Releasing Pets into the Wild


Why pets should not be released into the wild

by fballguy

It has come to my attention that there are too many people who are not aware of the dangers of releasing pets into the wild. Sometimes a fish will outgrow an aquarium, so the owner, while looking out for the well being of their pet, makes a careless, often costly mistake. Common aquarium pets have done damage to eco systems in many places. The Florida Everglades are a perfect example. At one time, the largemouth bass was the predominate species in the Everglades. In the late 1950s, oscars began to appear in Miami canals. Today, they are the predominate species in the Florida Everglades. Largemouth bass have moved down the food chain, forced to make room for this aggressive species from South America. According to this site, the oscars are competing for food better than largemouth bass, as well as eating a large percentage of their fry. Because of this, largemouth bass in the Everglades are no longer as plentiful, or as big as they once were.

Here is what Vermont biologist Shawn Good has to say, ""It seems that the general public is largely unaware of the dangers posed by releasing aquarium fish into Vermont's waters, I can't stress enough how serious this is. Some aquarium fish, plants and other aquatic animals such as exotic snails can devastate Vermont's natural habitats and severely impact our native aquatic ecosystems if they are released into the wild. They may also introduce dangerous disease organisms that can severely impact native fish and wildlife populations."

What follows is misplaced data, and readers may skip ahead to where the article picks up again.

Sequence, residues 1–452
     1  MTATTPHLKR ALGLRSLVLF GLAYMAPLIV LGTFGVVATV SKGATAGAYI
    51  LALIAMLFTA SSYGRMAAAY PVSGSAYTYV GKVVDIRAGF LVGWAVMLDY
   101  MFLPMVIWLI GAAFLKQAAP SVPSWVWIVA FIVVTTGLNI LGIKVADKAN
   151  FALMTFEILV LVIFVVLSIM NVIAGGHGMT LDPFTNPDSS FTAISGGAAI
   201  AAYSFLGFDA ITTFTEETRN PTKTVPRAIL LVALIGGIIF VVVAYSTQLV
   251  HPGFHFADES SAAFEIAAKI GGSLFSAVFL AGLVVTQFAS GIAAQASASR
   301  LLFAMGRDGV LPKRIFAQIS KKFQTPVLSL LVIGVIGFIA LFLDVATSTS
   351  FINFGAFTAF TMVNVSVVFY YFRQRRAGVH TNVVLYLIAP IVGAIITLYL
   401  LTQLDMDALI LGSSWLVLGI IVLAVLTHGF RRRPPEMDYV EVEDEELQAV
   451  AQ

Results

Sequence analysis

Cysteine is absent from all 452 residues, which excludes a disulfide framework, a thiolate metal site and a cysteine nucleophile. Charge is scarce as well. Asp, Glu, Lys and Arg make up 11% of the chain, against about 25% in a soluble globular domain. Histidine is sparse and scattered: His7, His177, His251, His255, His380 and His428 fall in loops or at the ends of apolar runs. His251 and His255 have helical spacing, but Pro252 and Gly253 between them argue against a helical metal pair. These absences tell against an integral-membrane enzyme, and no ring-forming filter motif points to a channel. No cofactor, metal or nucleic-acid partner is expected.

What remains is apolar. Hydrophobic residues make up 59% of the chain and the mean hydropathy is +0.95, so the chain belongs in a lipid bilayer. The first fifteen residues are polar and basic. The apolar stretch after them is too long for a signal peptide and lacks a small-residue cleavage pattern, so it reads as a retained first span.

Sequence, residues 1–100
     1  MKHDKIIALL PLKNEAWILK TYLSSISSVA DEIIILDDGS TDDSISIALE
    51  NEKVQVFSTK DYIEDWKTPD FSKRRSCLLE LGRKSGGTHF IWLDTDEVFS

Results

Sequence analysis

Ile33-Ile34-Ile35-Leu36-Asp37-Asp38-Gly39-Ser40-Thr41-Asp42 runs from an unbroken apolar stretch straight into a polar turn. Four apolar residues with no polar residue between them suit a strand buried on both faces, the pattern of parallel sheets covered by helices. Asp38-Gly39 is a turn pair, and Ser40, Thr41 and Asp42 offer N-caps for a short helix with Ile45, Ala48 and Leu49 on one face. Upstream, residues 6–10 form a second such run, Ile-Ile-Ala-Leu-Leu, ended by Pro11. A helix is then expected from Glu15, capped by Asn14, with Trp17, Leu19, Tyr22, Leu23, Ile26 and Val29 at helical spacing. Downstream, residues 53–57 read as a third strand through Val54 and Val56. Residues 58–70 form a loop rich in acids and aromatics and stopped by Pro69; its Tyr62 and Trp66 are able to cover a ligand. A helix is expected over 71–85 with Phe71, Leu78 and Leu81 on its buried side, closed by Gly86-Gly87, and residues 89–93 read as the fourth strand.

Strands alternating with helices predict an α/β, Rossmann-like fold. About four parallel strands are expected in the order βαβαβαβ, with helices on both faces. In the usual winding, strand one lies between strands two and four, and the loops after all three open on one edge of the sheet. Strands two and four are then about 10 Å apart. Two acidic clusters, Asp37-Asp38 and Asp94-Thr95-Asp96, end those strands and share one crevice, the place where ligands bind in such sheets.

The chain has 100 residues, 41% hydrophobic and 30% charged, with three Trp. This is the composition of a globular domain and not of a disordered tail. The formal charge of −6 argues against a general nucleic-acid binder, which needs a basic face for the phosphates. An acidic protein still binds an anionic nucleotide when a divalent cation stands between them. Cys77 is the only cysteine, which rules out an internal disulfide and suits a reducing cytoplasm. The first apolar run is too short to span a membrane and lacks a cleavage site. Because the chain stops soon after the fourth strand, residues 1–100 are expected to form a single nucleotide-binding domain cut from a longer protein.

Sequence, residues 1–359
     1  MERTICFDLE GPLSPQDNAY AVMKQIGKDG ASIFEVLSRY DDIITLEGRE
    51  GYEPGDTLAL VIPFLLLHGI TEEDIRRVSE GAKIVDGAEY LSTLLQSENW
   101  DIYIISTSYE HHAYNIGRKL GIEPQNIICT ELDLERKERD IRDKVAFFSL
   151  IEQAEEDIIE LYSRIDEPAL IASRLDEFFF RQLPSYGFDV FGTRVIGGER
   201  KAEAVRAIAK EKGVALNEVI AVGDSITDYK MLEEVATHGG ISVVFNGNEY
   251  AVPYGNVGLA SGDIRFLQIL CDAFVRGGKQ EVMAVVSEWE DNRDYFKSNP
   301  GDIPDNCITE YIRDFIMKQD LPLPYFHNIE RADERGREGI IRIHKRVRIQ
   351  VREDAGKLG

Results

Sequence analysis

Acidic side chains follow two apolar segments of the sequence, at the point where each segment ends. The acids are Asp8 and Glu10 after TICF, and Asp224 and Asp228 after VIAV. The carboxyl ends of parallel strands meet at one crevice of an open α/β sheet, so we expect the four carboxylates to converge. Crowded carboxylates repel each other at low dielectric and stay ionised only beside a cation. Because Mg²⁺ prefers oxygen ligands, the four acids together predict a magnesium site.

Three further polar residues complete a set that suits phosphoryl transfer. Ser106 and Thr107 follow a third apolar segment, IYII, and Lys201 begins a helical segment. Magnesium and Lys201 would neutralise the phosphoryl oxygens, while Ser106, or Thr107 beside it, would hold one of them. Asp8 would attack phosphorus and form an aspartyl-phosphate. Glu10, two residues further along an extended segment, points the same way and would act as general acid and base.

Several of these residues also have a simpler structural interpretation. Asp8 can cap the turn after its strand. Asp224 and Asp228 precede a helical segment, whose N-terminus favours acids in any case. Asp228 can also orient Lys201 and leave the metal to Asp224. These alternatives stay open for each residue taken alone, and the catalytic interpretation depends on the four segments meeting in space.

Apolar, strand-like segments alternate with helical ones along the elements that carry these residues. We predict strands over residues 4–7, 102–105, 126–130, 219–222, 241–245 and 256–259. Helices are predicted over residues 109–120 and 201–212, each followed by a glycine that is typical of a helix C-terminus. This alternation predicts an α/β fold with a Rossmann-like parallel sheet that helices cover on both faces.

Here is a list of reasons to not release pets into the wild from this site
Released fish will be physiologically stressed upon introduction to a different environment.
• They will be susceptible to parasites and diseases.
• They might be attacked by native predators, such as larger fish, fish-eating birds, or water snakes.
• If exotic fish survive and reproduce, they are difficult, if not impossible to control or eradicate.
• They may cause changes in the existing aquatic community through competition with native species or predation on them, as well as through overcrowding or aggressive behavior.
• They may infect native fish with exotic parasites or diseases.
• An exotic may also affect the genetics of native species by hybridizing with them.
• Sole species may pose a physical or public health threat, such as piranhas and freshwater stingrays.

There are at least 185 different species of exotic fish that have been found in United States waters. 75 of these have established a breeding population. Florida, Texas, and the Southwest U.S. have the biggest problem due to warmer climate, which tropical species survive in. "Examples include a number of cichlid, such as the oscar, Jack Dempsey, jewelfish, convict cichlid, Midas cichlid, and spotted tilapia; and livebearers, such as swordtails, platies and mollies, and armored catfishes. The goldfish, a native of China, is one of the few examples of a temperate aquarium species that is established throughout the U.S." link

The United States alone spends $120 billion each year managing introduced species.link Penalties for releasing pets into the wild include fines, and in some states, imprisonment. So save yourself and your tax dollars, and please either keep your pets, or give them to a person, store, or organization who will take care of them.
 
Rather than releasing your pets into the wild, find a friend who will take them. Another option would be to take them to a locally owned pet store and donate them. You may also get store credit depending on the store.


Above links and other notable sites:

http://www.vtfishandwildlife.com/Det...Agency__ID=896

http://nas.er.usgs.gov/taxgroup/fish/docs/dont_rel.asp

http://news.nationalgeographic.com/n...mescapees.html

http://www.sf.adfg.state.ak.us/state...ornamental.cfm

http://massbay.mit.edu/seafood/